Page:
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Muscle fiber structure (Fig 12.1)

-extends the length of the muscle (up to .75 meter, or 2.5 feet long)
-has multiple nuclei and many mitochondria
-composed of many myofibrils, each of which extends the length of the muscle fiber

Myofibril structure (relaxed, Figs 12.2 & 12.3)

-composition of a myofibril
a) thick filaments, ~1.6 um long
b) thin filaments, ~1.0 um long

A band

stacked set of thick filaments plus portions of thin filaments that overlap both ends of thick filaments

H zone

light area in A band where thin filaments don't reach

I band

portion of thin filaments that do not project into A band

Z line

cytoskeleton protein that runs vertically through middle of I band and connects thin filaments of adjoining sarcomeres


-area between two Z lines
-is the functional unit of skeletal muscle, (i.e. smallest component that can perform all the functions of that organ), so sarcomere is smallest contractile unit of muscle

M line

supporting proteins that hold thick filaments together vertically; extends vertically down the middle of the A band in the H zone

Cross bridges

-extend from thick filaments to thin filaments
-six thin filaments surround every thick filament; the thick filament projects cross bridges to each of the 6 thin filaments

Thick filament structure (Fig 12.5)

-Thick filament composed of:
a) myosin molecules lying lengthwise parallel to each other
b) half are oriented in one direction
c) half are oriented in other direction
-Myosin molecule structure
a) two golf club shaped subunits with tails intertwined and globular heads (myosin heads also called cross bridges!) projecting out at one end
b) each head contains an actin binding site and a myosin ATPase site

Thin filament structure (Fig 12.4)

a) molecules are spherical in shape
b) each has a myosin binding site
c) backbone of thin filament formed by two chains of actin molecules wrapped around each other, like two chains of pearls
a) threadlike proteins that lie end to end along actin spiral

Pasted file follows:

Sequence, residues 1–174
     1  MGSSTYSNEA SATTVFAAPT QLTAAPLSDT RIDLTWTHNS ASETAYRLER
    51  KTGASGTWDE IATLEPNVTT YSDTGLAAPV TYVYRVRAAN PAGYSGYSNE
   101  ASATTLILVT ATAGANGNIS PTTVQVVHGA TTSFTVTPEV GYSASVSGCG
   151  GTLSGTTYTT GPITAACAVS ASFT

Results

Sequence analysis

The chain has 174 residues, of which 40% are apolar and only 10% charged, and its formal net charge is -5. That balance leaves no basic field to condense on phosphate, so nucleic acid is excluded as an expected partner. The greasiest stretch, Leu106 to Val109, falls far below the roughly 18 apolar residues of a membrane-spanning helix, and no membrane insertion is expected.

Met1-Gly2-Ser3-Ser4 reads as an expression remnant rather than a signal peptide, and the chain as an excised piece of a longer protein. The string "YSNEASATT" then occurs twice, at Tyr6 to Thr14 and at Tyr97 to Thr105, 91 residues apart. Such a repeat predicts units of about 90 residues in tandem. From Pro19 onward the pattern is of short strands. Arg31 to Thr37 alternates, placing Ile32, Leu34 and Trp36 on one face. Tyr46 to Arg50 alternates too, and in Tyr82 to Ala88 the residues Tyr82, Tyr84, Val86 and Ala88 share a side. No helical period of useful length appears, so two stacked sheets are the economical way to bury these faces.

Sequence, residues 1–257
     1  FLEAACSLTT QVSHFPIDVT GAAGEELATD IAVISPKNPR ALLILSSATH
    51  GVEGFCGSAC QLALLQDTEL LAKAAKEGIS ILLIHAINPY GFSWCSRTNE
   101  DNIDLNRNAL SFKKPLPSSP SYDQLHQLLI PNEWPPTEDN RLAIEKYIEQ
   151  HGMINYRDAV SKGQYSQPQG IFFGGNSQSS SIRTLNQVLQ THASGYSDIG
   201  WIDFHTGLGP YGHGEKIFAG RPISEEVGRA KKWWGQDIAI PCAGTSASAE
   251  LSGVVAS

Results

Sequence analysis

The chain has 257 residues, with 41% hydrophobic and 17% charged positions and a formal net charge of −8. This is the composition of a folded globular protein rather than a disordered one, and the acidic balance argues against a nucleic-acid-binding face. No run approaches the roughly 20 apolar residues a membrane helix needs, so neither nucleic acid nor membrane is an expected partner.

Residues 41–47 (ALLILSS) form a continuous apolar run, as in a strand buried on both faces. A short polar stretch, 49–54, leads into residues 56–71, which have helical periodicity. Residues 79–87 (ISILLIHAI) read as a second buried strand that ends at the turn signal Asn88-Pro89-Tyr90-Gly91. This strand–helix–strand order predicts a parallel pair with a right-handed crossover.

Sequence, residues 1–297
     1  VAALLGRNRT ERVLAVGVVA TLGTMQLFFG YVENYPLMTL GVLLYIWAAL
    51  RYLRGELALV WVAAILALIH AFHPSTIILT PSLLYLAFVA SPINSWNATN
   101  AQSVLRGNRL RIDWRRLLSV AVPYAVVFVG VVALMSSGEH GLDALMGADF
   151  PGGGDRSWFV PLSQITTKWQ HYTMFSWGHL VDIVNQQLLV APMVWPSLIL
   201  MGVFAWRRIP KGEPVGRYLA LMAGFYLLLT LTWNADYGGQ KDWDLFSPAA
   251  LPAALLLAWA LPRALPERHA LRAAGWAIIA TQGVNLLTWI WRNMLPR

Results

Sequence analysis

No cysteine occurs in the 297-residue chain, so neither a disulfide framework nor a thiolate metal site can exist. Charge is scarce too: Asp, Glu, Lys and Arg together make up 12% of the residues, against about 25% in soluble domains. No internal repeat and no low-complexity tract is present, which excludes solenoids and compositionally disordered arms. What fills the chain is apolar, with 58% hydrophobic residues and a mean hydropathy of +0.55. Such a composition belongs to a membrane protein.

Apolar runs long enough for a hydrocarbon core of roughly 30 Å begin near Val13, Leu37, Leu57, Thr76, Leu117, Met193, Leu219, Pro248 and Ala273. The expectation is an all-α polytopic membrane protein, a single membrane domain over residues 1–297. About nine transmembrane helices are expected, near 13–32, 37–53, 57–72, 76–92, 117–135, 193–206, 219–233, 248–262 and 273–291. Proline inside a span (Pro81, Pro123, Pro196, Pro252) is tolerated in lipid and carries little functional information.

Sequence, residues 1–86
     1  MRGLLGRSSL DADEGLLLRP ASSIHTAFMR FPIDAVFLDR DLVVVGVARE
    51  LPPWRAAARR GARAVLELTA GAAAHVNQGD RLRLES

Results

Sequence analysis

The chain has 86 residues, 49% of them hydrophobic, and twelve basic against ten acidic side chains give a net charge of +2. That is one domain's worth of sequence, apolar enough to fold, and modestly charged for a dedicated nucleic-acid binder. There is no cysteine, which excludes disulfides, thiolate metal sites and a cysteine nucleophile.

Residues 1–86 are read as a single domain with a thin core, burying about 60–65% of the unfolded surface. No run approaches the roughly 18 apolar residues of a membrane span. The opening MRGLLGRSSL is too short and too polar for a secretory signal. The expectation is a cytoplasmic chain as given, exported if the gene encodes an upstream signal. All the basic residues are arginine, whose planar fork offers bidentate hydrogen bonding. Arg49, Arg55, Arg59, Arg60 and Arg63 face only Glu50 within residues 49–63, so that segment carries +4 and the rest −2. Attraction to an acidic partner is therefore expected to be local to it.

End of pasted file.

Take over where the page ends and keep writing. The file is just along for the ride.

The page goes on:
b) covers myosin binding sited on actin
a) fastens down each end of the tropomyosin molecules, holding them in place over myosin binding site

Transverse Tubules (T Tubules) (Fig 12.2)

part of surface membrane of muscle fiber that dips into fiber at junction of A and I bands

Sarcoplasmic Reticulum (Fig 12.2)

-modification of endoplasmic reticulum
-surrounds each myofibril with seperate segments encircling each A and I band

Sliding Filament Model (Molecular Basis of Contraction) --Overview

1) Ach released by terminal button of motor neuron and binds to receptors on motor end plate
2) Ach binding on motor end plate causes End Plate Potential which causes an action potential to propagate down membrane and down T Tubules into muscle cell
3) AP in the T Tubule causes sarcoplasmic reticulum to release Ca++
4) Released Ca++ bind to troponin on actin filaments, which causes tropomyosin to move aside and expose myosin binding sites on the actin molecules
5) Cross bridge cycling: myosin cross bridges bind to actin and stroke forward (powered by ATP) pulling actin toward center of sarcomere
6) Ca++ actively taken up by SR when no more AP
7) With Ca++ no longer bound to troponin, tropomyosin returns to blocking position over myosin binding site on actin

Cross bridge cycle (in detail) (Fig 12.7)

1) ATP broken into ADP and Pi by ATPase on myosin head; the head holds onto the ADP and Pi, and is energized and cocked in the "ready" position
2) In presence of Ca++, myosin binding site on actin is uncovered, and myosin head binds to actin
3) On contact of myosin and actin, ADP and Pi released and myosin head strokes forward
4) Fresh ATP binds to myosin, link with actin broken, and return to step 1
5) This continues, and myosin heads ratchets actin along (Fig 8-9)
6) When Ca++ removed, no more heads binding actin, so it slides back into original place=relaxation

Changes in myofibril during contraction (Fig 12.6)

-sarcomere shortens
-I band shortens
-H zone gets smaller
-A band same width

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